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Food Sharing in Dogs
Familiar dogs prompt generosity more than unknown dogs

Dogs will give food to other dogs. Okay, maybe your dogs don’t show this tendency at home enough for you to believe it, but in laboratory settings, it happens. (It happens in other species, too, especially in various primates and in rats.) A recent study of this behavior found that the details of the experimental situation influence whether dogs choose to give food to other dogs or not. 

“Task Differences and Prosociality; Investigating Pet Dogs’ Prosocial Preferences in a Token Choice Paradigm” investigated prosocial behavior—voluntary behavior that benefits others. In the study, dogs were trained to touch a token with their nose to deliver food to another dog who was in an enclosure, or touch another token that resulted in nothing happening. This is a different experimental design than has previously been used in which a dog could pull a shelf with food on it so that the food reached a dog in another enclosure, or pull an empty shelf.

In the experiment with the tokens, sometimes the dog in the enclosure was one that the “giving” dog lives with, sometimes it was an unfamiliar dog and sometimes the enclosure was empty. In some trials, there was a dog next to them when they were choosing whether to touch the token to give food away. Sometimes they were alone when making their choice.

The study found that 1) Dogs were more likely to give food to dogs who they live with than to dogs who are strangers. 2) Having another dog with them made them more generous, meaning that they were more likely to give food when they were with another dog rather than when they were alone.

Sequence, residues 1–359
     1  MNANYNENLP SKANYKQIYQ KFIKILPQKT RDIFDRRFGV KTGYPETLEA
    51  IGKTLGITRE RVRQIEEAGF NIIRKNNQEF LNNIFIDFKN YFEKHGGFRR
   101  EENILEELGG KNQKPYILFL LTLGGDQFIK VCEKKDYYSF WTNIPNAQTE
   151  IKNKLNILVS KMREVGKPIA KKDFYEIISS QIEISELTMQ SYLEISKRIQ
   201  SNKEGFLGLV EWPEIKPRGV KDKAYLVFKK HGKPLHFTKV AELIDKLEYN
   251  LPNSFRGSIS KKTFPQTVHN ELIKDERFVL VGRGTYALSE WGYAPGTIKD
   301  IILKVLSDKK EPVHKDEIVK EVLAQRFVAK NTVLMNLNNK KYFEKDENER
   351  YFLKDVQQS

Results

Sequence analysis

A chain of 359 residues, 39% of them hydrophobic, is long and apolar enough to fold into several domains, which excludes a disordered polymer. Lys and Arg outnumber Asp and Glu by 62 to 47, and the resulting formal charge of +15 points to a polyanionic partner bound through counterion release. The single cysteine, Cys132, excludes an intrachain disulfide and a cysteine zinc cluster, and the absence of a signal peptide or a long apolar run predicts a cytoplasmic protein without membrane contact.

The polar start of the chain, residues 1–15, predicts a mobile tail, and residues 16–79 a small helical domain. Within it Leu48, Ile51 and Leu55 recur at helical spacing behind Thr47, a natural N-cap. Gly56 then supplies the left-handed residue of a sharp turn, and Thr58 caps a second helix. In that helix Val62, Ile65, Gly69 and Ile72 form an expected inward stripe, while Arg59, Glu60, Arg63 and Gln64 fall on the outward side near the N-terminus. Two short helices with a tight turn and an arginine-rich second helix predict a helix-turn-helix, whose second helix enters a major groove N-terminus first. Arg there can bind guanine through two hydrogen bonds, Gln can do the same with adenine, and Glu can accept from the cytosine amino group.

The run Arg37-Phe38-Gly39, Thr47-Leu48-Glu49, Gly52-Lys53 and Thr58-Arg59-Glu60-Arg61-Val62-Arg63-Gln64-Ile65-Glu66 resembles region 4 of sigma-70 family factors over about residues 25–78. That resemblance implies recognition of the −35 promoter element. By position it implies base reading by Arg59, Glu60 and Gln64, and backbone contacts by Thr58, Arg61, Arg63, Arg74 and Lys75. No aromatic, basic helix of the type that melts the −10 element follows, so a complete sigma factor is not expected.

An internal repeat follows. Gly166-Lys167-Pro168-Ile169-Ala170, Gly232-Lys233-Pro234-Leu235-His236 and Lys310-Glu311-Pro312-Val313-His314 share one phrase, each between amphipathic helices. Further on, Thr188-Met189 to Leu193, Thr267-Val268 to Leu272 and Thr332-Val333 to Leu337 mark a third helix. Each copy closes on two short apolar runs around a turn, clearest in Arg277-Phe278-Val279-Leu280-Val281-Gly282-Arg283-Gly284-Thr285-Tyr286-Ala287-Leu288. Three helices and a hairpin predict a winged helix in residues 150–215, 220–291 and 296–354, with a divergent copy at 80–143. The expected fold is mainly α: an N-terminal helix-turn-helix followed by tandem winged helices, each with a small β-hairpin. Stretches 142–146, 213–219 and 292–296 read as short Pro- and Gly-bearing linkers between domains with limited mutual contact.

To be fair, the dogs were not literally sharing the food out of their own bowl. They were choosing to act so that food would be given to another dog, but they didn’t lose out on any food by giving to the other dog. Still, it’s nice to know that dogs can share food, even if what we most appreciate about them is their ability to share love!

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Karen B. London, PhD, is a Certified Applied Animal Behaviorist and Certified Professional Dog Trainer whose clinical work over the last 17 years has focused on the evaluation and treatment of serious behavioral problems in dogs, especially aggression. Karen has been writing the behavior column for The Bark since 2012 and wrote The Bark’s training column and various other articles for eight years before that. She is an adjunct professor in the Department of Biological Sciences at Northern Arizona University, and teaches a tropical field biology course in Costa Rica. Karen writes an animal column, The London Zoo, which appear in The Arizona Daily Sun and is the author of five books on canine training and behavior. She is working on her next book, which she expects to be published in 2017.

photo by dogsbylori/Flickr

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